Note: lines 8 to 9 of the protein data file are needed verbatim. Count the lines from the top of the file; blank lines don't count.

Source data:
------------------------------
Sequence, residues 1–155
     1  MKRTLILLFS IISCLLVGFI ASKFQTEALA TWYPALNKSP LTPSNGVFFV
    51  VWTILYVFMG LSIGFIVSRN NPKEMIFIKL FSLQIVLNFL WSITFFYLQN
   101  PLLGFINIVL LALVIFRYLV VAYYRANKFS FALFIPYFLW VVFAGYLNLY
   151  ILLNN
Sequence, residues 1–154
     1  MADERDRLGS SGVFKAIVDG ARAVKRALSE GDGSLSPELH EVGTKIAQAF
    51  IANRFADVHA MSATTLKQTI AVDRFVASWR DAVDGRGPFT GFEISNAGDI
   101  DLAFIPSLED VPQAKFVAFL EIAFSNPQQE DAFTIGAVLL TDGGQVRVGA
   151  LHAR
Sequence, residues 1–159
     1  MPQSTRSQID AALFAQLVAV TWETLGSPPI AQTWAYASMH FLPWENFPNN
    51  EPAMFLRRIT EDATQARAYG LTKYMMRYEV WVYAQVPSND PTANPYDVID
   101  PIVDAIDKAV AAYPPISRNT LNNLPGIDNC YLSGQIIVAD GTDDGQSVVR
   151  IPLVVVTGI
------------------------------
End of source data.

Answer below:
    51  IANRFADVHA MSATTLKQTI AVDRFVASWR DAVDGRGPFT GFEISNAGDI
   101  DLAFIPSLED VPQAKFVAFL EIAFSNPQQE DAFTIGAVLL TDGGQVRVGA